It has been said by the adepts of the past that a magician is an active individual and that idleness and inertia are great enemies of magic. I agree with this view. On March 13, 1964, Kitty Genovese was stabbed to death and died because out of all the people who were close enough to hear her screams, none of them bothered to call the police until she had lain bleeding for quite some time. I like to think that a magician is someone who would have acted immediately – someone who is immune to the bystander effect because he relies on himself and does not lounge around hoping someone else will solve the world’s problems.

Having said this, it may seem like a contradiction that I attribute so much importance to asana, after all, how can a person be active if he is sitting in a chair trying to remain as still as possible?

Have you ever gotten into a car to drive somewhere and suddenly found yourself at your destination with no recollection of your journey? Your conscious mind was distracted. You were daydreaming or thinking irrelevant thoughts, and were it not for your subconscious mind who was the real driver, you would probably have crashed and died. The vast majority of people spend most of their lives in this absent-minded state. If you are aware and focused, you are an active participant in the present moment, even if you are not physically moving. You may be still, but you are not idle. Also, let us not forget that the discipline and sense of peace the student brings about within himself through the practice of asana will help him be more active and productive in his other daily tasks.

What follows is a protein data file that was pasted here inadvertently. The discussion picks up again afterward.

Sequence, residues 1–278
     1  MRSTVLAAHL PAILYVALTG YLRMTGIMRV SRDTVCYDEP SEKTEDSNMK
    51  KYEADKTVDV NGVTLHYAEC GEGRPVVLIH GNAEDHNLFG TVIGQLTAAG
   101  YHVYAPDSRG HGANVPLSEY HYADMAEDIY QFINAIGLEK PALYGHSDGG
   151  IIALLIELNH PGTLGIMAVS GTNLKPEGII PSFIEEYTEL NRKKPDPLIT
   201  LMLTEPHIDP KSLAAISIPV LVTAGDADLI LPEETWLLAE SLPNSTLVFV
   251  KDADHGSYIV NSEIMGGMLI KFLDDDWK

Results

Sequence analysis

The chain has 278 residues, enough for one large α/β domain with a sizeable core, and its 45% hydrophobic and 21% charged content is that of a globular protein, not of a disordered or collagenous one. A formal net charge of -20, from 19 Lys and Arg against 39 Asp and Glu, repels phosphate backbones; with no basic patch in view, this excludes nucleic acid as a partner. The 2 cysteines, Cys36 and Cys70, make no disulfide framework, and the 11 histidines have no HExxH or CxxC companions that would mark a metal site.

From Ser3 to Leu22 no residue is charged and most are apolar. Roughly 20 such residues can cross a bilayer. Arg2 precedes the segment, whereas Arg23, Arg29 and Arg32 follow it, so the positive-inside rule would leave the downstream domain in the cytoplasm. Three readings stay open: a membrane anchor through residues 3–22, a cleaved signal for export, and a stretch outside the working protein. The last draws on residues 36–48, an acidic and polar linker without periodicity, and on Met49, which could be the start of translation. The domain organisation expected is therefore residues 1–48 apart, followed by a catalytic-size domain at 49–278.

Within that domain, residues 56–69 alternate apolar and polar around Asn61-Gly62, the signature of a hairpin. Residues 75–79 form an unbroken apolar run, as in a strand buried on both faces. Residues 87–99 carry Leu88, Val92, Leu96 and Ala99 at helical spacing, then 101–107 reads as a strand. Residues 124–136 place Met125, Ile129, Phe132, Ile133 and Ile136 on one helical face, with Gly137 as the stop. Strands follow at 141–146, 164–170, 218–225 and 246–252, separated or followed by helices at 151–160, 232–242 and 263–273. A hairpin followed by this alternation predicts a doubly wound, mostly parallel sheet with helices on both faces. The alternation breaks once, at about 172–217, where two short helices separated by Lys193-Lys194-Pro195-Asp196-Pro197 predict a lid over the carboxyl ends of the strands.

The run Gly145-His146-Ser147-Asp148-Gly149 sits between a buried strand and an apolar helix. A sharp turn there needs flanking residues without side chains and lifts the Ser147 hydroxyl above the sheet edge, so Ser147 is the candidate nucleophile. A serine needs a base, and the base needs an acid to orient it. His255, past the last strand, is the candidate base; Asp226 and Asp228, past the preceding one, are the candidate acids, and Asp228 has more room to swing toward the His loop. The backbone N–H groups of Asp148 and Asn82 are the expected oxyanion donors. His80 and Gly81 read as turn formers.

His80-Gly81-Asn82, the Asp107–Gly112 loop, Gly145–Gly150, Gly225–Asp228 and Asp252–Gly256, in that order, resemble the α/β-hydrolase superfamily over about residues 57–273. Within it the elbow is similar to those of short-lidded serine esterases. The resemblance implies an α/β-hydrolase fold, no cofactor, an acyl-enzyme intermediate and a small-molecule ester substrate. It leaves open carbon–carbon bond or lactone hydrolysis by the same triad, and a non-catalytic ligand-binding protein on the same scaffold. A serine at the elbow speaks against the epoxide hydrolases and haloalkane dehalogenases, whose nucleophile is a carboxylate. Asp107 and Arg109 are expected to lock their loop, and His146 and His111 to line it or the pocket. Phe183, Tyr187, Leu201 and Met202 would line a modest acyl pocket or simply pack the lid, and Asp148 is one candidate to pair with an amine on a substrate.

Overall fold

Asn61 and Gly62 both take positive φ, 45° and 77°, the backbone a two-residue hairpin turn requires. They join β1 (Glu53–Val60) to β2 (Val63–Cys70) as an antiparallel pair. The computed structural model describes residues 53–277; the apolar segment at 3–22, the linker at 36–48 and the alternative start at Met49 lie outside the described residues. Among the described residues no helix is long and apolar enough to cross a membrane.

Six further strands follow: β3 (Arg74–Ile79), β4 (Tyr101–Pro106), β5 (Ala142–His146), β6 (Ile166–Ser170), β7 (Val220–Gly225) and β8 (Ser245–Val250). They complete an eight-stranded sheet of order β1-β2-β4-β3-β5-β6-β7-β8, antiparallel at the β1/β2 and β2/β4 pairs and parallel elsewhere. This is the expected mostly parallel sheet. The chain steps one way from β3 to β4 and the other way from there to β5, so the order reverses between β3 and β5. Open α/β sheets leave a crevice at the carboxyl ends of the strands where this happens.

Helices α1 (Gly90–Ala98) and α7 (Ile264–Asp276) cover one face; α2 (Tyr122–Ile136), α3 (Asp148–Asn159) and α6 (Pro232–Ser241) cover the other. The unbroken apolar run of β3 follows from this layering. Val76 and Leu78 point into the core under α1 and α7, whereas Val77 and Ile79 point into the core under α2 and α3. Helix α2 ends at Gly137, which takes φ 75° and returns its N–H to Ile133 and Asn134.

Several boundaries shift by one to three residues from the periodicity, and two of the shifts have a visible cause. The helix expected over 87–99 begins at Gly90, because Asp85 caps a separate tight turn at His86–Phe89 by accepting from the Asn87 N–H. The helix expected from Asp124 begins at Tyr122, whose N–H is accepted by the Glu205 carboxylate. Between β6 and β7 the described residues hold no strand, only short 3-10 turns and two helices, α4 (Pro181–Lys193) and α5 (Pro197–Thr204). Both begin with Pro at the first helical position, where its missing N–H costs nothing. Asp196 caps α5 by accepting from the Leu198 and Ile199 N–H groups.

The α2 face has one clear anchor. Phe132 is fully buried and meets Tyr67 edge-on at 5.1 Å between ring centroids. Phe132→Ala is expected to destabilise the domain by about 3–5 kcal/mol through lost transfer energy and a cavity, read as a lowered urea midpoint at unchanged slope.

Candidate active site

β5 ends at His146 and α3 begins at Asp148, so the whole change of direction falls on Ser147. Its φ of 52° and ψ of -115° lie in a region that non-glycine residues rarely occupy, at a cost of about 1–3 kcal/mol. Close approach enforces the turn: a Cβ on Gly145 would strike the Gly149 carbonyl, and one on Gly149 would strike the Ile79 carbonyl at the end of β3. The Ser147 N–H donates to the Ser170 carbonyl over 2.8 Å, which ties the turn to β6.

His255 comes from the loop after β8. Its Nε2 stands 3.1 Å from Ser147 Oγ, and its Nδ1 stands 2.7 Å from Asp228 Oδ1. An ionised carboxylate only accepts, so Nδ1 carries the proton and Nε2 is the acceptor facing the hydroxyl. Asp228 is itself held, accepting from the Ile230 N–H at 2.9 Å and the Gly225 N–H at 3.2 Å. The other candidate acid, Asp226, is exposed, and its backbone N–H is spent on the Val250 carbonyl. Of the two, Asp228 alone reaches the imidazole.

The Bardonist who has read this so far might be wondering why Bardon put asana in Step 2 instead of Step 1 if it is so important. As I’ve stated earlier, someone who is absent-minded or daydreams while practicing asana is wasting his time. Therefore, Bardon wanted the student to have some rudimentary skill in concentration before practicing this exercise. In Liber ABA, Crowley also discusses this problem of drifting attention during asana. His suggestion was for the student to choose an awkward and cramped posture to master so the uncomfortableness would constantly draw his mind to his body and prevent it from wandering around. I have already explained why I disagree with this solution.

If you have decided on IIH as your path, then do practice the exercises in order. There is a very clear logic behind the sequence Bardon chose. The Step 1 mental exercises are relatively simple and do not require the student to sit still for long periods of time, but for later exercises like depth point meditation and accumulating the elements, it is imperative that the student has mastered an asana and feels completely at home in it.

In bringing this chapter to a close, I’ll point out that when Crowley says getting into a mastered asana is like getting into a nice hot bath when tired, he is not exaggerating. When the student has mastered his asana, it will provide him with the stillness of earth, the clarity of air, the alertness of fire, and the serenity of water.


iThus, the practice of asana is not the same as the first exercise in Israel Regardie’s book The One Year Manual. That exercise is an exercise in body awareness that requires you to actively focus your attention on being aware of bodily sensations. In asana, however, the entirety of your attention should be focused on remaining still.

iiThe text of IIH reads “Should anyone wish to use these exercises of physic carriage for the purpose of developing the will-power, he may make out various carriages at his own discretion, provided he is able to sit relaxed and comfortable without any disturbance at all for a full hour. […] We need a certain position for our magical development, no matter which one, the simplest being that which we described above.” In other words, after you have mastered an asana so you can use it to do the later exercises, then you can continue to master other asanas for the purpose of strengthening the willpower if you want to.

 To find out more about Virgil please visit  his Author Page